One book that really sticks in my mind from secondary school is Roll of Thunder, Hear my Cry by Mildred D Taylor. This book was written in the late 70’s and is about the Apartheid (when people were segregated based on their race) in South Africa. The book tells the story of how white people were treated in a superior way to black people. It really opened my eyes to how a society judged its people and their value simply by the colour of their skin.

Thankfully we live in different times now, and value everyone equally regardless of race. The theme of the book has really stuck with me all these years later as I think its important to look to the past to learn lessons for the future.

We run two online book clubs each week for our members. Using the Books Beyond Words range, we use the pictures to make up our own stories.

If you would like to join our club, please get in touch by emailing info@sunnybanktrust.org.

Say hello to Angela

Hi everyone, my name is Angela and I’m so pleased to have joined the Sunnybank Trust.

I am an Advocacy Administrator.

I work with Annie as part of the Advocacy team, which means I get to work with a fantastic group of volunteers and also members of the community who need some extra help and support.

Advocacy means giving a voice and I have quite a loud one myself! I am often shouting for my two dogs, Ruby and Blue to stop chewing or being naughty.

I used to work for the NSPCC, a children’s charity, where I gave assemblies to children about keeping safe from abuse. That also involved using my voice to empower children.

Now I’m learning a lot about Learning Disabilities and how sometimes people can miss out on making choices and getting what they are entitled to just because they have difficulty communicating or get overlooked.

I enjoy being around people, so like everyone I have found being in lockdown hard. I am really looking forward to being able to safely meet up with all the lovely people who are part of Sunnybank.

Thank you to everyone who has made me feel very welcome and I feel very excited about all the great work we can all do together.

Find out more about our Advocacy service here.

Random acts of kindness – top tips and ideas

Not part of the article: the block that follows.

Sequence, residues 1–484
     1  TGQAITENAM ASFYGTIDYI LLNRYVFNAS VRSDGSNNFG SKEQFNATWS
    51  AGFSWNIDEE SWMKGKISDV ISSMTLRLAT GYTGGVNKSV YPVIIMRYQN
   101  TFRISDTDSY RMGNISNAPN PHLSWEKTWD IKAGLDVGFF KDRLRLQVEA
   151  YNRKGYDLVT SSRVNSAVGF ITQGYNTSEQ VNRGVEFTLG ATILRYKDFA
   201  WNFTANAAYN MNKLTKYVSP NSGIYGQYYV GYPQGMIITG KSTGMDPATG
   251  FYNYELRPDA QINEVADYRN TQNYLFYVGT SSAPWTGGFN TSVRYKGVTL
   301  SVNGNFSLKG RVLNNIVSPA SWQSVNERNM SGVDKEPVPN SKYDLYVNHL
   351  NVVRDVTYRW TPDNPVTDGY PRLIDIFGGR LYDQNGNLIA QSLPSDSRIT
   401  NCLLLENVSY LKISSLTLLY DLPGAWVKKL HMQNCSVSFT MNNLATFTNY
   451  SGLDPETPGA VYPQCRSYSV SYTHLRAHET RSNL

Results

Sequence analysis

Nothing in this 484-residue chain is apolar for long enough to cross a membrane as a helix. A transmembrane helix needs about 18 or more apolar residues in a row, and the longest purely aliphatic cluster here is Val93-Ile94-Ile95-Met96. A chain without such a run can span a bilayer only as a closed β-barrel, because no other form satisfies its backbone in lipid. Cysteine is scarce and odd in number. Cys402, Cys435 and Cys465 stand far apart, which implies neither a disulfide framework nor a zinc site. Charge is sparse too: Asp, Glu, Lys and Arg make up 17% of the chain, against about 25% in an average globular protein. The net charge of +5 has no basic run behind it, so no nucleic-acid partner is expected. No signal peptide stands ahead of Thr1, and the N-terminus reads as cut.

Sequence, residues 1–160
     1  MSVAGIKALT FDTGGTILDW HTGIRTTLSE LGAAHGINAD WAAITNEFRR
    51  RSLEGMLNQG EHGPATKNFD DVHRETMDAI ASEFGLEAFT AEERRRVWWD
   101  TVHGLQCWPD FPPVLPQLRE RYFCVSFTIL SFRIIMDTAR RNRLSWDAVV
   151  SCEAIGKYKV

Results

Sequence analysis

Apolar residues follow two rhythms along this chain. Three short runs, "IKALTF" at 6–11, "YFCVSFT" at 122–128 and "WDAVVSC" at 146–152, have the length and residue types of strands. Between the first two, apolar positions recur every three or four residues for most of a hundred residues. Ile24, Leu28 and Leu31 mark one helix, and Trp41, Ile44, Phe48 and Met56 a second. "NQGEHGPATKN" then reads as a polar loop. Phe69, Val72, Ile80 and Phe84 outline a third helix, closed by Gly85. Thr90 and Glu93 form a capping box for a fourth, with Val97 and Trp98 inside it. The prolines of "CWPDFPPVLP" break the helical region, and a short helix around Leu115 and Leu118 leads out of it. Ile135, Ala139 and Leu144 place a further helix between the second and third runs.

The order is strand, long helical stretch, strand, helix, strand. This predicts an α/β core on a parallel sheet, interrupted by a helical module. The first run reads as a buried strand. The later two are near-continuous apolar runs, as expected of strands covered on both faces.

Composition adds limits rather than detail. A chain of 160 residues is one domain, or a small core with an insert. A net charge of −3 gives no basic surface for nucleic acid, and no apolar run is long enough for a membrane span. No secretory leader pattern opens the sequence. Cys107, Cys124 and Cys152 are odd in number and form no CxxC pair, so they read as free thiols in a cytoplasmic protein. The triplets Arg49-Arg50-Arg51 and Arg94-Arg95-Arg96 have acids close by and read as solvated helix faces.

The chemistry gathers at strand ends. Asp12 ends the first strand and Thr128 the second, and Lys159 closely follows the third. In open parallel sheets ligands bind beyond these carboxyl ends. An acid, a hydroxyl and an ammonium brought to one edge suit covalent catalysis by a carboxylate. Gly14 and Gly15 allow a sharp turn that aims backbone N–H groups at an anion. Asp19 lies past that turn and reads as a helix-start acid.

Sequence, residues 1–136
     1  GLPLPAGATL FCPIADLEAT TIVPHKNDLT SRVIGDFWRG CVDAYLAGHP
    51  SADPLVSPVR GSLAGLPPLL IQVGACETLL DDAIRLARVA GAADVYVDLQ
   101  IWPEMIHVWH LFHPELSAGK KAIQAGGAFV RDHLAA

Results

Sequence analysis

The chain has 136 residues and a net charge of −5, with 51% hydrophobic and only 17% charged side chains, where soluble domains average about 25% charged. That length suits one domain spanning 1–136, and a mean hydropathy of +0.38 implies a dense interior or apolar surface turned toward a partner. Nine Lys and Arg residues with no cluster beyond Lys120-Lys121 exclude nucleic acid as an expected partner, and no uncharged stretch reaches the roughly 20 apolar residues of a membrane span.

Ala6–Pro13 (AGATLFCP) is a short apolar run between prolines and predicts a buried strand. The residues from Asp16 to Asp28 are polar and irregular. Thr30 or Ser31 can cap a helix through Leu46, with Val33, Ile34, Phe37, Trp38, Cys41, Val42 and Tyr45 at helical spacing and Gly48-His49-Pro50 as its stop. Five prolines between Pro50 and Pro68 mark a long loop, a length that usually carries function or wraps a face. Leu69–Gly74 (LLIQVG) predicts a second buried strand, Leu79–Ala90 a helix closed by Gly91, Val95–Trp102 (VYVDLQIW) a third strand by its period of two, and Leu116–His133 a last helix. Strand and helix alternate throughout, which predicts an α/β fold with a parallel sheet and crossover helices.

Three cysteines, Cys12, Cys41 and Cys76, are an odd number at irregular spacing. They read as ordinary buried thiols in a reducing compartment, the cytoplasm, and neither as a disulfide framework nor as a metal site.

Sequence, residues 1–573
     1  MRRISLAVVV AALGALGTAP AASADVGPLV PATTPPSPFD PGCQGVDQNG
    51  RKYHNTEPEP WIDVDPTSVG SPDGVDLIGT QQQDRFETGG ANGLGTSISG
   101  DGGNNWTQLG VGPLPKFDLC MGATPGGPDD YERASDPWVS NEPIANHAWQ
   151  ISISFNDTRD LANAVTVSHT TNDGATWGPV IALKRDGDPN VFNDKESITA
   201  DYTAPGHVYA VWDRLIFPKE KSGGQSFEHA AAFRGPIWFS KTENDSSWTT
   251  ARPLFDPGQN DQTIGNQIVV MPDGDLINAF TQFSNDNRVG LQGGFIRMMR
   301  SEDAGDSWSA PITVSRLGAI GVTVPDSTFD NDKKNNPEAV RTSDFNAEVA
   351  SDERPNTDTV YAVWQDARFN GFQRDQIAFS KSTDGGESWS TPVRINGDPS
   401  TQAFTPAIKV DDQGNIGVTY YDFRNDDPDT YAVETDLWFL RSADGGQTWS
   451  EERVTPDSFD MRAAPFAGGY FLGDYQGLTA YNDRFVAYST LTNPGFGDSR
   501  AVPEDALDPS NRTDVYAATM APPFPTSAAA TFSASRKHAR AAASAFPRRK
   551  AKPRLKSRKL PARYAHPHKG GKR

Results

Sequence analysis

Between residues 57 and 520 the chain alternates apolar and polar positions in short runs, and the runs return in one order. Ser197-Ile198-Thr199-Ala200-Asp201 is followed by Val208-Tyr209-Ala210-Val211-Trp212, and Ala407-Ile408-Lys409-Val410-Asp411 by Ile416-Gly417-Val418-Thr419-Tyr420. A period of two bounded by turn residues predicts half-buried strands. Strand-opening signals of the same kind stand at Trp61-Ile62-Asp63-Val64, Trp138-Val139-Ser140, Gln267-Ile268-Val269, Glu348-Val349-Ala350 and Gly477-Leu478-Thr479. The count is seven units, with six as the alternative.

Blog by Jovi Edwards, Choices Officer

Kindness is very important to us at Sunnybank. We try to be kind to others every day. Here are some simple ways to show kindness to others.

  • Hold the door open for someone, especially if they’re in a rush or have heavy bags
  • Help your friend carry their bags whilst out shopping
  • Give someone a compliment
  • Let someone go in front of you in a queue if they’re in a rush or have a disability and are wearing the Sunflower Lanyard
  • Donate your time to a charity (like Sunnybank or as Red Nose Day is coming up very soon, Comic Relief)
  • Give old clothes to a charity shop
  • Donate food to your local Foodbank
  • Do extra chores without being asked to by your parents/carers
  • SMILE!!!!
  • Give someone your seat on a crowded bus/train/tube (especially if they’re elderly, have a disability where they can’t stand in moving vehicles for long periods of time or are pregnant)
  • Give directions to someone who looks lost
  • Write a great review of a restaurant (that you went to either pre-COVID or during the Eat Out to Help Out Scheme) on either TripAdvisor, Google, Yelp or Facebook Reviews

My favourite online clubs

Blog written by Jovi Edwards, Choices Officer

A photo of Jovi looking at the camera wearing a pink jumper, pink hairband and glasses

What groups do I attend?

I like to attend as many of Sunnybank’s online activity groups as I can. My favourites are ‘Movies with Mates’ on Mondays, ‘Coffee & Chat’ on Tuesdays, ‘Drama Club’ on Thursdays and the Pub Quiz on Friday evenings. I also like to attend the monthly Swag disco and monthly Zoom party.

I also take part in a dance class which isn’t part of Sunnybank and is run by Malookoo Dance Fitness every Tuesday, Thursday and Friday (and most Wednesdays when the Sunnybank Zoom party isn’t running).

What do I enjoy most about the online groups?

I like these groups because I get to see my friends, make new friends and they’re the activities I like doing in my free time anyway (watching Films, doing quizzes and dancing).

What do I find hard about attending the online groups?

Sometimes my Wi-Fi connection can be bad, sometimes other people can be frozen on my screen, sometimes people have loud noise (TV, their parents/carers talking loudly and even kettles boiling loudly) in the background and I can’t hear other people.

To find out more about the online activities at Sunnybank, visit our lockdown hub. Our activities are for adults with learning disabilities and are free to attend.